Online Rumors

After a July 25 march in Weatherford, Texas, to protest the Confederate statue on the Parker County Courthouse lawn, rumors began to spread on the internet. They whispered that the group was going to march again at 3:30 pm on Saturday, August 8.

What are they thinking? Several men ride in the back of a black pickup truck with dark-tinted windows. A large black rifle and scope is tripod-mounted on top of the truck’s cab, next to a large Confederate Battle Flag. Behind them is a limestone storefront from the square in Weatherford Texas.
Photo by Trice Jones, via Dallas Morning News.

As early as 8:30 am, Facebook commenters had spotted some guy in a heavily armored pickup truck with a trailer parked on the square, apparently waiting for the marchers. Others appeared as the day rolled on. Local law enforcement was out in force, detouring traffic away from the square, and calling in reserve officers to monitor the situation.

Right about here you might wonder, “What are they thinking will happen?”

No marchers appeared and, according to a friend within the D/FW progressive community, no march was ever planned. Perhaps it was another example of someone trolling the militia, as happened at Gettysburg, Pennsylvania, on July 4.

Asking For A Friend

I asked another friend, one of the reserve law enforcement officers called to the square that day, what the official line was on vigilante policing. That is, “private armed citizens threatening other private, possibly armed, citizens in public places.”

He said he couldn’t speak for the officials, but personally he was not a fan. His response echoed the opinion expressed by other former law enforcement officers I know.

That was the point at which one of his other Facebook friends said state statutes and the Constitution allow “protection of property, including that of others.” He said they were there to protect the statue, in case the protesters tried to pull it down.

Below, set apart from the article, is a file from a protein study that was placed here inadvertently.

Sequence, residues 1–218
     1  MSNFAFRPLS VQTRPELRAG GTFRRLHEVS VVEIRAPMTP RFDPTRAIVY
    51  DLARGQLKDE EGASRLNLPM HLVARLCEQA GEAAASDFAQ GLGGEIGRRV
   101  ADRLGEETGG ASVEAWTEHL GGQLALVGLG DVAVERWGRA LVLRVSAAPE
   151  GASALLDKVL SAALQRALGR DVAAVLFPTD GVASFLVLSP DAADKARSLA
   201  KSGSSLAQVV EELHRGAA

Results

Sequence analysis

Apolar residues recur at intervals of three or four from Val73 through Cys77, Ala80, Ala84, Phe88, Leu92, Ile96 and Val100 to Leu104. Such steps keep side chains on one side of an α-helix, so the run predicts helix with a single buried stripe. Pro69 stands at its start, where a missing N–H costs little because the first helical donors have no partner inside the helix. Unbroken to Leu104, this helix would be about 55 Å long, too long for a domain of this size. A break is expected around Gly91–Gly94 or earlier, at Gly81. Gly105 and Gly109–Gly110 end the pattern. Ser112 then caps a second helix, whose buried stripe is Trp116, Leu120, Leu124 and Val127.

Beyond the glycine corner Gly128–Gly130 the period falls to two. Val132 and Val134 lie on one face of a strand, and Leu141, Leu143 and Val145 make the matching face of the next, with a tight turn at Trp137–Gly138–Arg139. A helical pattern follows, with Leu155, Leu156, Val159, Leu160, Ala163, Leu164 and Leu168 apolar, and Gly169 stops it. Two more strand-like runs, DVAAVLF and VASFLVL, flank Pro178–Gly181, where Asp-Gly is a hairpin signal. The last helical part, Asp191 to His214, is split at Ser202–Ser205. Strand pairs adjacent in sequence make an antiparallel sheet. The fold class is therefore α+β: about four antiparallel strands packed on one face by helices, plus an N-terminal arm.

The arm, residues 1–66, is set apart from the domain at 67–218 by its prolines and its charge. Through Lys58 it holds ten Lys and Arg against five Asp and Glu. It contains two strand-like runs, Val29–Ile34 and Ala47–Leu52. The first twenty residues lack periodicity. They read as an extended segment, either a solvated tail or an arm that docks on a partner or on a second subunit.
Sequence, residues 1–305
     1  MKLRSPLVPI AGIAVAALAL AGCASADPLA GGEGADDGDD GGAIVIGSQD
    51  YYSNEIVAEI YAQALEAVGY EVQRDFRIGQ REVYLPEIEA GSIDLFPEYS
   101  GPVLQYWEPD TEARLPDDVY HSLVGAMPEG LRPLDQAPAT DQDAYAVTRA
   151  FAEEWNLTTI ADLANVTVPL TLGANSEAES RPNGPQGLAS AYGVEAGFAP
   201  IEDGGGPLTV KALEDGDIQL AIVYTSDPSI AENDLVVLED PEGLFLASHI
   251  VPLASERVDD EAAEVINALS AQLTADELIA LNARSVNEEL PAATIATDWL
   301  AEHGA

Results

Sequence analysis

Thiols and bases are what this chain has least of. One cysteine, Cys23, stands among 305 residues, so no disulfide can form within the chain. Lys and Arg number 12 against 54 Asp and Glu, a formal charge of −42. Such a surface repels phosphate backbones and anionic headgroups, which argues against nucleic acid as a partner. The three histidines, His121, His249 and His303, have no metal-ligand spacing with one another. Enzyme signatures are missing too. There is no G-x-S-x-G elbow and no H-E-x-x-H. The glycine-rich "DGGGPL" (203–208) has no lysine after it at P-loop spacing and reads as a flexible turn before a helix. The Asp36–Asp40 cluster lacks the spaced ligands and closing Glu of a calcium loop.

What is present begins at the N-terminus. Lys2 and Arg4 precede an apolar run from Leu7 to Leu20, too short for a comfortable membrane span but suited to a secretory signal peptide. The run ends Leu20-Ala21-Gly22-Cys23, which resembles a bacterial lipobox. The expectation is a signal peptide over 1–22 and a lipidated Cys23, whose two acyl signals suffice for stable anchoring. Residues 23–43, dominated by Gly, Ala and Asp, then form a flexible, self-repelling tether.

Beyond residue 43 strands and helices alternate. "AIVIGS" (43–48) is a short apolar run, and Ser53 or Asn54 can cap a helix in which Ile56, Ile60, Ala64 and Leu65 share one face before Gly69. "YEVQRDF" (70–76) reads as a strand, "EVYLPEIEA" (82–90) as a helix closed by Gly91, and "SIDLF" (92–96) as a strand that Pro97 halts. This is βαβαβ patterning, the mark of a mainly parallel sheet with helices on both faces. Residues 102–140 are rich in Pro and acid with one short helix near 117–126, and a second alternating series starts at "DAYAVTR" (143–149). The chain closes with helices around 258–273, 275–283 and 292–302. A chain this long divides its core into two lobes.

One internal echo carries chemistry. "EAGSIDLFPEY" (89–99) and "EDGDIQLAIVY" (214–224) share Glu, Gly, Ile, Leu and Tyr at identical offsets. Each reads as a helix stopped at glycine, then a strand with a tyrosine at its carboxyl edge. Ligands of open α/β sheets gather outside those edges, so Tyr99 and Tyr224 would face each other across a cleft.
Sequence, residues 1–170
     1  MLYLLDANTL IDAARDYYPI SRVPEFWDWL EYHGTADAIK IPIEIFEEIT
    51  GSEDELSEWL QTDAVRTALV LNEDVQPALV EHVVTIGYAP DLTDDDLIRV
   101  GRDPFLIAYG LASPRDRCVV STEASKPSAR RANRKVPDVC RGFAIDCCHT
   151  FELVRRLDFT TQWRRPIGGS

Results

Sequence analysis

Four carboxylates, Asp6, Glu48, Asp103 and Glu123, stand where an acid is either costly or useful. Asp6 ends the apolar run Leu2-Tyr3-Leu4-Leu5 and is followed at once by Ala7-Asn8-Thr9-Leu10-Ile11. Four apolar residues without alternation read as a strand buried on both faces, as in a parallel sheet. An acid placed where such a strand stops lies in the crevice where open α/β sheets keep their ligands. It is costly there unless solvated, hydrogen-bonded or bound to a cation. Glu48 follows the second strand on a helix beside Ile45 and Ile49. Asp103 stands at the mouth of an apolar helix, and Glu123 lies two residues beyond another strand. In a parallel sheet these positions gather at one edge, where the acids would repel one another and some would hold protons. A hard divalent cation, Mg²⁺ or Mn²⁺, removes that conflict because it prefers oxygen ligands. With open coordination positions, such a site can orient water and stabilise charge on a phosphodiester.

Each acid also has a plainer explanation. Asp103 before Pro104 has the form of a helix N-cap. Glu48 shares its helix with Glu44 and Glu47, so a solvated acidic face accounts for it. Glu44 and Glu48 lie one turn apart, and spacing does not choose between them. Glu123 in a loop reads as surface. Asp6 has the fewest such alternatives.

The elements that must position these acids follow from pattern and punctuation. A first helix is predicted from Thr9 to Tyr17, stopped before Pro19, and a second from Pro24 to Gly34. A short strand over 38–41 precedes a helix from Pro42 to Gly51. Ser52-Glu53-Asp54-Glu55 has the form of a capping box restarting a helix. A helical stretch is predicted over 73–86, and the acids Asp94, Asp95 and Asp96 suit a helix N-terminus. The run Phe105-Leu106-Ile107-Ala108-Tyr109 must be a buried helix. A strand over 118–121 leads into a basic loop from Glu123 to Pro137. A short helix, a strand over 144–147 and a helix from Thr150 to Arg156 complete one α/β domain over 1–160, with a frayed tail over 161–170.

A stone statue of a man with a goatee, dressed as a Confederate infantryman with a rifle, stands atop a stone base dedicated by the United Daughters of the Confederacy “In honor of the United Confederate Veterans of Parker County, 1861-1865.” The statue stands on the grounds of the Parker County Courthouse in Weatherford, TX.
Photo by Tony Gutierrez, via Dallas Morning News.

While my reserve officer friend agreed that state law allows private citizens to protect property, he offered a more nuanced response. “Her question was about ‘private armed citizens maintaining order by threatening other citizens . . .’ which is NOT allowed by statute or otherwise. I doubt seriously that a citizen that tried to justify the use of force ‘protecting a statue’ would stand much of a chance in court.”

As a former law enforcement officer, who has to maintain his state law enforcement certification to continue to serve as a reserve officer, he has actually studied these questions.

Then a second person commented that, “For a lot of them, [the armed civilians] they’re not specifically protecting the statue. The BLM and Antifa are known to destroy the surrounding area of statues.”

Which isn’t significantly different than just protecting the statue, so still isn’t a legally defensible excuse for armed civilians to threaten protesters. But I wanted to understand the rationale for coming out armed.

What Are They Thinking?

So, I asked one of the commenters, “Isn’t it the job of the Weatherford Police Department and the Parker County Sheriff’s Office to prevent that kind of property destruction? Not the job of private citizens? Do you have any credible information that the WPD and PCSO are incapable of doing the job taxpayers pay them to do in an effective and professional manner? I have always found the professional law enforcement officers in Parker County to be well-trained and highly capable.”

The commenter responded, “I never said the law enforcement agencies here were incapable of doing their job. I personally think that it would serve all concerned much better if there were no armed citizens looking like they were ready for a battle on the town square. I think that there should be a good number of people prepared, however, if things got ugly, to be there quickly to back the LEO up. Some of the folks parading around down there are not helping Weatherford, Parker County, or themselves look good.”